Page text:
Air quality plays a crucial role in our health and well-being. In winter, we spend more time indoors, so we tend to focus on improving the air quality in our homes. But what about outdoor pollution? Does it get better or worse in winter? Let’s find out!
Various air pollutants, both natural and man-made, can affect air quality. When we think of air pollution, we usually imagine a busy city with heavy traffic and factory fumes. While these industrial pollutants have an undeniable impact on air quality, let’s not forget that natural contaminants like mold, dust, and pollen can also make air quality bad. Pollutants can come in the form of gasses, solid particles, or liquid droplets — think of volcanic ash, carbon monoxide from car exhaust, and acid rain.
The growing population and increasing industrial development have made air pollution a major concern worldwide.
Regardless of their origins, air pollutants can cause various respiratory problems. In fact, in recent years, allergies have become more common due to climate change. Rising temperatures make the pollen season longer, and more frequent flooding encourages mold growth. All this results in a higher concentration of airborne allergens that can trigger an asthma attack or allergic reaction in anyone who inhales them.
Warm, dry weather also increases your exposure to airborne allergens, especially pollen. An extended period of hot, sunny weather can create drought conditions and increase ozone pollution. Forest fires are also not uncommon during heat waves — they release carbon monoxide and particulate matter into the air.
Rainy weather can bring relief to people with seasonal allergies. It helps to push common air pollutants like dust and pollen particles to the ground, giving you a much-needed breath of fresh air.
Unfortunately, though, it’s not that simple. Sometimes, heavy rain can have the opposite effect on the air quality: it can split pollen particles and release more allergens into the air. This usually happens during thunderstorms.
Another common culprit of bad air quality in humid weather is mold.
It grows quicker in damp conditions, and mold spores can be spread by wind and even travel through fog or dew.
If you think the air feels cleaner after a snowstorm, you may be onto something. Like rain, snow can be excellent at reducing air pollution. Researchers from Canada discovered that snow can absorb pollutants coming from car exhaust and remove dust and smoke particles from the air. Unfortunately, this effect is temporary. The air pollution will build up again after the snowfall. But don’t let it stop you from enjoying a day out in the snow when the air is fairly clean!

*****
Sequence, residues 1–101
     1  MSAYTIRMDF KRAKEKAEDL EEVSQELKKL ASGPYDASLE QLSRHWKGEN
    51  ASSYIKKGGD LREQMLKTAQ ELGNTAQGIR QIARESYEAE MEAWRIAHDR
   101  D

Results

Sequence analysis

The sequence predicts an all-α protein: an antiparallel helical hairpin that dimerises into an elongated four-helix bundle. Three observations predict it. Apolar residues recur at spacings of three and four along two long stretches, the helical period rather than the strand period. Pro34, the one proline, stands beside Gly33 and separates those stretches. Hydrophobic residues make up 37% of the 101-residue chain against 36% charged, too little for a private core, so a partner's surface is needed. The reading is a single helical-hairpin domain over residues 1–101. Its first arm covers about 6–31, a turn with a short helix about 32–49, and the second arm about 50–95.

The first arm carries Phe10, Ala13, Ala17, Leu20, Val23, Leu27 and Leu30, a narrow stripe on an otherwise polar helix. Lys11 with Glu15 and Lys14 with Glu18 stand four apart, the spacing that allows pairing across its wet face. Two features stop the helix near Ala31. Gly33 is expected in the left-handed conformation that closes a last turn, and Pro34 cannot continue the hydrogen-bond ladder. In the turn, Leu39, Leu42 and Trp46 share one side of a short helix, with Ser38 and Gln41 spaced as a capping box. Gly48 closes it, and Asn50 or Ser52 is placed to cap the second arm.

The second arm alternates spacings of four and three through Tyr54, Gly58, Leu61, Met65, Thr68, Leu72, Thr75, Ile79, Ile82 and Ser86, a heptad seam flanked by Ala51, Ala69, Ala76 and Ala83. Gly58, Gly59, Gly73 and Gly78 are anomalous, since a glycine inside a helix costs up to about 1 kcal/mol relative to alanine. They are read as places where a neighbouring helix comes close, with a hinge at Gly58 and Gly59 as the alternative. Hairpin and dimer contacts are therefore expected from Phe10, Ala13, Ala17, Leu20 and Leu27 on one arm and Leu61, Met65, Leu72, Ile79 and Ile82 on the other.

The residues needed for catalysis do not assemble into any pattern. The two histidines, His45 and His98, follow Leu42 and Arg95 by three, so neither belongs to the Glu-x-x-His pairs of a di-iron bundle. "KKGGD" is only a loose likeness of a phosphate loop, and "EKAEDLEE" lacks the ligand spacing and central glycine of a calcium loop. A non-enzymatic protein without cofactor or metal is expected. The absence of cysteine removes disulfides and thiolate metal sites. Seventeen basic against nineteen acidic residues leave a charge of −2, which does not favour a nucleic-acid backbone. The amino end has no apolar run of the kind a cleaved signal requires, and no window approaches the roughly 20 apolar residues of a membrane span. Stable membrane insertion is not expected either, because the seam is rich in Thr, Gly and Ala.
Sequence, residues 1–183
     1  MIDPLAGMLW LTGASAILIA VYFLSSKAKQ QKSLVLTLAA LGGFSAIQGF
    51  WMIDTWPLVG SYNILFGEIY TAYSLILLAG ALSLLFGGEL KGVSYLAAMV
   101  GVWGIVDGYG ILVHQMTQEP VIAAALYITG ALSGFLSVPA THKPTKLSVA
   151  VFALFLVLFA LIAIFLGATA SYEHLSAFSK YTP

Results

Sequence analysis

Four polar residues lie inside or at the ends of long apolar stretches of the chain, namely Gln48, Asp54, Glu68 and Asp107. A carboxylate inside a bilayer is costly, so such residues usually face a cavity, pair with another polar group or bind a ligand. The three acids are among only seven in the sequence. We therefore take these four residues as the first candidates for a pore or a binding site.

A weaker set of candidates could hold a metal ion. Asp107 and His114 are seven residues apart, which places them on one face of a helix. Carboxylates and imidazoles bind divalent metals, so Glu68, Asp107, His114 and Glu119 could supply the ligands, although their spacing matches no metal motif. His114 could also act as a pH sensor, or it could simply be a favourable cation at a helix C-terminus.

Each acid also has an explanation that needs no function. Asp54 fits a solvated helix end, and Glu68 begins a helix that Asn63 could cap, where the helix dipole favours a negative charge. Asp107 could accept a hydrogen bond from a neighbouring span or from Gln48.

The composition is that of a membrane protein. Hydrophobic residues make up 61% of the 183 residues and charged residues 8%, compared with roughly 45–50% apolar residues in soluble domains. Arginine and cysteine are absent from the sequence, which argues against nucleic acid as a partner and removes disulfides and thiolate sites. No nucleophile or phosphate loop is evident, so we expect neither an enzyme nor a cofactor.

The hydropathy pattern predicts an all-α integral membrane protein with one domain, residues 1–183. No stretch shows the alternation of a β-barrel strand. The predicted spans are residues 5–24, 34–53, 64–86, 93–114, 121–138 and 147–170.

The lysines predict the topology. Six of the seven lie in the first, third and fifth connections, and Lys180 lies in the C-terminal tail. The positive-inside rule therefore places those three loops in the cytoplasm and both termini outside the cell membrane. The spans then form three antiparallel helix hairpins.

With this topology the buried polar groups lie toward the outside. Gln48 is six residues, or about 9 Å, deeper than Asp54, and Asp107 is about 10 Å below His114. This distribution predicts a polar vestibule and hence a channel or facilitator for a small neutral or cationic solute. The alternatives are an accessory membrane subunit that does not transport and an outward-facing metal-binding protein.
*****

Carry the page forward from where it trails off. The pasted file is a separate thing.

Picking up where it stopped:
When the temperature drops, we start turning up the heating in our cars and homes. Whether you use wood, gas, or electricity to keep your home toasty, it still has a significant effect on air quality. A 2015 study attributed a whopping 20 percent of air pollution in cities to domestic fuel burning. So, it’s not surprising that the winter air can become loaded with these pollutants, and their build-up can then result in winter smog. Unsurprisingly, it’s more common in cities where the population is denser and traffic is heavier, making winter smog a serious issue in urban areas. The high concentration of air pollution in winter can weaken the immune system, and trigger respiratory problems.
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As we’ve already discovered, wind, rain, and snow can have a big impact on air quality. But what can make air pollution worse during the winter months?
Have you noticed a slight chill on your feet when you walk around your home? This happens because cold air is more dense and usually sinks, while warm air rises. So, in winter, the dense cold air traps air pollutants and acts as a lid, pushing them closer to the earth’s surface. As a result, their concentration in the air is higher, which means you probably end up breathing in more pollutants during winter.
As we mentioned before, humid weather pushes dust and other air-soluble pollutants closer to the ground making the air cleaner. But the cold air is dry, so it holds more pollution, which can trigger respiratory problems.
The way we behave during colder months also contributes to higher levels of air pollution. In winter, we use more energy to keep our homes warm, which means we create more pollution from burning fossil fuels. Also, when the weather gets cold, we are more likely to cozy up in front of a fireplace and keep the windows closed. This lack of ventilation and the increase in levels of particulate matter makes indoor air quality worse in winter.
You can do a few things to reduce air pollution during the winter months. Try to avoid burning wood for warmth and reduce energy use whenever possible — this can help lower levels of particulate matter and carbon monoxide. Make sure to open your windows every once in a while and get an air purifier with HEPA filters to keep the air in your home clean. To reduce emissions from your car’s exhaust, limit the time you leave it idling, or better still, opt to carpool or use public transportation if possible.
There are several reasons why air pollution can be worse in winter. When the weather gets colder, we use up more energy to stay warm. This increase in energy consumption releases more pollutants into the atmosphere. Because the cold air is more dense, it traps all this pollution build-up, creating winter smog. Snow, however, can temporarily make the air cleaner by removing dust particles and some air pollutants. Still, keep an eye on the air quality levels and stay indoors when it’s declining. An air purifier with HEPA filters can ensure the air in your home is clean and keep allergies under control.